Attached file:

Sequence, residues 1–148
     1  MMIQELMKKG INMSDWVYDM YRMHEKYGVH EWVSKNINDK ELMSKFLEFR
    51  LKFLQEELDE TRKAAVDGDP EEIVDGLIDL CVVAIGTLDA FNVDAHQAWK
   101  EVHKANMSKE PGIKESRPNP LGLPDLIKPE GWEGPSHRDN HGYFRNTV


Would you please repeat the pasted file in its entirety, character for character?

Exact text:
Sequence, residues 1–148
     1  MMIQELMKKG INMSDWVYDM YRMHEKYGVH EWVSKNINDK ELMSKFLEFR
    51  LKFLQEELDE TRKAAVDGDP EEIVDGLIDL CVVAIGTLDA FNVDAHQAWK
   101  EVHKANMSKE PGIKESRPNP LGLPDLIKPE GWEGPSHRDN HGYFRNTV